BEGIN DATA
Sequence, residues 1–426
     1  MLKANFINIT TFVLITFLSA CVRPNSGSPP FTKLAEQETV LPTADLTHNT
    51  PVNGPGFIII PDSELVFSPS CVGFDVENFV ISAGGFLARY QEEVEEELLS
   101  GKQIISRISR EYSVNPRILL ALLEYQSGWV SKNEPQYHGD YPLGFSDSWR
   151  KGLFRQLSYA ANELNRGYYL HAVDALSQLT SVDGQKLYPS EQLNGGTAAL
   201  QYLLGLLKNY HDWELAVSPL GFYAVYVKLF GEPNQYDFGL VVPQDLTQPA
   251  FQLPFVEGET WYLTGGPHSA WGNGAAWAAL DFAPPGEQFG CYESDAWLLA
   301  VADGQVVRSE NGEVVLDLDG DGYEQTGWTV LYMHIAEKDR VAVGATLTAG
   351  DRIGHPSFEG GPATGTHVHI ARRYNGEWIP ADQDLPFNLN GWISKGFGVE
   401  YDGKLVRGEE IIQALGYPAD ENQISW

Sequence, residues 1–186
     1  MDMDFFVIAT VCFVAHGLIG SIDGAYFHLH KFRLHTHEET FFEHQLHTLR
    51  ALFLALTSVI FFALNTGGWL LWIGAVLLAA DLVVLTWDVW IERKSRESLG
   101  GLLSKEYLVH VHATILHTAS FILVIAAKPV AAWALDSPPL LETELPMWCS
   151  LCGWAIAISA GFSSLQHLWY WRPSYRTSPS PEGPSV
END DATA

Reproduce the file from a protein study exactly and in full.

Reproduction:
Sequence, residues 1–426
     1  MLKANFINIT TFVLITFLSA CVRPNSGSPP FTKLAEQETV LPTADLTHNT
    51  PVNGPGFIII PDSELVFSPS CVGFDVENFV ISAGGFLARY QEEVEEELLS
   101  GKQIISRISR EYSVNPRILL ALLEYQSGWV SKNEPQYHGD YPLGFSDSWR
   151  KGLFRQLSYA ANELNRGYYL HAVDALSQLT SVDGQKLYPS EQLNGGTAAL
   201  QYLLGLLKNY HDWELAVSPL GFYAVYVKLF GEPNQYDFGL VVPQDLTQPA
   251  FQLPFVEGET WYLTGGPHSA WGNGAAWAAL DFAPPGEQFG CYESDAWLLA
   301  VADGQVVRSE NGEVVLDLDG DGYEQTGWTV LYMHIAEKDR VAVGATLTAG
   351  DRIGHPSFEG GPATGTHVHI ARRYNGEWIP ADQDLPFNLN GWISKGFGVE
   401  YDGKLVRGEE IIQALGYPAD ENQISW

Sequence, residues 1–186
     1  MDMDFFVIAT VCFVAHGLIG SIDGAYFHLH KFRLHTHEET FFEHQLHTLR
    51  ALFLALTSVI FFALNTGGWL LWIGAVLLAA DLVVLTWDVW IERKSRESLG
   101  GLLSKEYLVH VHATILHTAS FILVIAAKPV AAWALDSPPL LETELPMWCS
   151  LCGWAIAISA GFSSLQHLWY WRPSYRTSPS PEGPSV